Research Horizons


Bench to Bassinet Data Hub Manages 250 Terabytes of ‘Big Data’

$32.5 million grant gives Cincinnati Children’s a pivotal role in national cardiac genomic research

Team science arrived here in a big way in March 2016 when Cincinnati Children’s became the administrative coordinating center and data hub for the Bench to Bassinet (B2B) Program for cardiac research.

The $32.5 million, five-year grant from the National Institutes of Health is believed to be the largest single award ever received by the medical center.

Launched in 2010 and renewed in 2015, the B2B Program aims to accelerate research on the molecular basis of congenital heart disease, from discovery and translational research to clinical testing. The consortium encompasses three separate but intersecting initiatives that involve 17 research institutions and 26 auxiliary sites.

Eileen King, PhD, Peter White, PhD, and James Cnota, MD, MS, are spearheading work on the new project, which offers the medical center a central role in determining new directions for pediatric heart research.

Team Science on a National Scale

Congenital heart defects are the most common birth defect in the U.S., with about 40,000 children diagnosed each year. These complex conditions involve the interplay of multiple genetic and environmental factors, which makes them ideally suited to a team science approach.

Determining causes and developing new treatments will require extensive coordination between neuro-developmental biologists, cardiologists, geneticists, imaging specialists, and data scientists. The work requires support from regulatory experts, contracts and finance personnel.

In securing the grant, Cincinnati Children’s brought to the table its unique strengths in cardiac research,  data management, a top-tier informatics infrastructure, and a strong advisory group comprised of senior leadership. In return, Cincinnati Children’s gains the opportunity to become closer working partners with the NIH and other national cardiac research leaders.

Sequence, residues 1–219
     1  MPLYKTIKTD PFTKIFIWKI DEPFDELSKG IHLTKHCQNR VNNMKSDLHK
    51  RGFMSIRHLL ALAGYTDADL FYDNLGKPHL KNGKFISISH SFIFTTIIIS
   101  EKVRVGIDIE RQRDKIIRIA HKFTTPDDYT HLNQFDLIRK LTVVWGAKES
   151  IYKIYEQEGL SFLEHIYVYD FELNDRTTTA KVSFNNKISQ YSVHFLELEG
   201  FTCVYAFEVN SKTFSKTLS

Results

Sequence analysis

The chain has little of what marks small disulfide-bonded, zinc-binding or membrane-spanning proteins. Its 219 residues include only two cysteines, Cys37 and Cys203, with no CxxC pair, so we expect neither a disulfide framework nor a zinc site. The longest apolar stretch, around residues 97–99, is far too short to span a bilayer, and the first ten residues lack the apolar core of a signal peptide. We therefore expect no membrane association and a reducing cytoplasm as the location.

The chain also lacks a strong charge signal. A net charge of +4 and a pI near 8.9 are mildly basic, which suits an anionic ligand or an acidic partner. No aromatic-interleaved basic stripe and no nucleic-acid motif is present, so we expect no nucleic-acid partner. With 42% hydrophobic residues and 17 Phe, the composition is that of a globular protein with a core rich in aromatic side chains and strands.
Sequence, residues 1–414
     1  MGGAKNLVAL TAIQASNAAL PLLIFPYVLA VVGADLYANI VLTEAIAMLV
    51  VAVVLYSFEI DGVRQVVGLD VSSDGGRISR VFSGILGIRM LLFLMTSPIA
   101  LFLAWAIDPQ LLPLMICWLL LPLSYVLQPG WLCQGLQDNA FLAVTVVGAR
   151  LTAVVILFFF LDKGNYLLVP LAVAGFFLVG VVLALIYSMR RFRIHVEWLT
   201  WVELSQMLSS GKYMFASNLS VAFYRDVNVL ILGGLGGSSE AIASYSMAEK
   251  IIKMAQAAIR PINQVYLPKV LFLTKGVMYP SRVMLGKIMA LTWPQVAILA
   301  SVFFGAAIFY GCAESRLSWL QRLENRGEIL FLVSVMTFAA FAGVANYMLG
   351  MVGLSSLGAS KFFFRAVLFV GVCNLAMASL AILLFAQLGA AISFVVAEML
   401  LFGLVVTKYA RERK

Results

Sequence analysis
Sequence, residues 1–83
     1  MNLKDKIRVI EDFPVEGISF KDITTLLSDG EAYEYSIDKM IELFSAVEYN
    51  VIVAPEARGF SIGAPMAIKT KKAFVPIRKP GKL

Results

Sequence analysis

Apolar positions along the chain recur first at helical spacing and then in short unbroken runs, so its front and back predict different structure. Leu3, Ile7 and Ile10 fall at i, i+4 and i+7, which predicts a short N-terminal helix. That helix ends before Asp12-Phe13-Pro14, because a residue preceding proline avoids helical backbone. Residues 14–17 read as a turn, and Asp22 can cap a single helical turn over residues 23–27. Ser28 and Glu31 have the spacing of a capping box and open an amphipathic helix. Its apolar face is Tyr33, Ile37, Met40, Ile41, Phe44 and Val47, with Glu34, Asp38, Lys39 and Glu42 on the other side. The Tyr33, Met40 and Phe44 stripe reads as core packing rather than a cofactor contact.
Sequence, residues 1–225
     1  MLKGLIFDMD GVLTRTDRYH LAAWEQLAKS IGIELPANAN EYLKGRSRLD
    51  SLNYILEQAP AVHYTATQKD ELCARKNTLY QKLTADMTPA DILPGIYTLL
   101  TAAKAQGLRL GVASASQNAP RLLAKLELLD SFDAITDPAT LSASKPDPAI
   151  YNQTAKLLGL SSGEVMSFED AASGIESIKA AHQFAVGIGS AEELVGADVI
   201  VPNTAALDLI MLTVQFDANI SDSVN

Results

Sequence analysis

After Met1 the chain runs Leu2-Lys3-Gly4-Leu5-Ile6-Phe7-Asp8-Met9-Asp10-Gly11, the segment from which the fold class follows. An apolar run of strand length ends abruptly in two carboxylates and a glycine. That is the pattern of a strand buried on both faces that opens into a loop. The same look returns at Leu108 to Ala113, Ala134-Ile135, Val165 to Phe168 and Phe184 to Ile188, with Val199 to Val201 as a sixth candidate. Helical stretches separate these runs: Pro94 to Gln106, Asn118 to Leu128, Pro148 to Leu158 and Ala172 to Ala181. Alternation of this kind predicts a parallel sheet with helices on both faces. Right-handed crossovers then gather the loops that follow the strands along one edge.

The award also offers the medical center an avenue to translate discoveries from the bench to the bedside—or in this case, the bassinet.

Coordinating Research, Aiming for New Discoveries

To date, the B2B Program has enrolled more than 10,000 children with congenital heart disease, along with nearly 14,000 parents and relatives.

Cincinnati Children’s will coordinate activities for two components of the project. The Cardiovascular Development Consortium conducts basic research with laboratory models to discover which genes are turned on and off during heart development. The Pediatric Cardiac Genomics Consortium uses genomic data from thousands of individuals to uncover genes that may cause  congenital heart disease, and then studies how those genes influence clinical presentation.

The two groups are complementary. Genes implicated in human studies can be tested for contribution in laboratory models, and vice-versa.

King, Division of Biostatistics and Epidemiology, will lead the coordinating center’s efforts to provide infrastructure to enhance collaborations among program members. Her team, including Rachel Akers, MPH, and Nicholas Ollberding, PhD, will be responsible for operations, protocol development, core oversight and support, and data management.

“Team science has long been the norm at Cincinnati Children’s,” says King. “Now, being able to do team science not only within this institution but across the United States is a great opportunity.”

“Our goal is to support efforts across the project’s many sites and partners to create reliable data and reproducible results,” she says. “We want to be strategic partners, not just a pair of hands. We want to help set the strategic direction of the research team to assist with determining the priorities that are the most important to the clinicians, patients and their caregivers.”

King says the NIH funders chose Cincinnati Children’s in part because they were looking for a strong academic partner. They found one. Since July, Cincinnati Children’s has: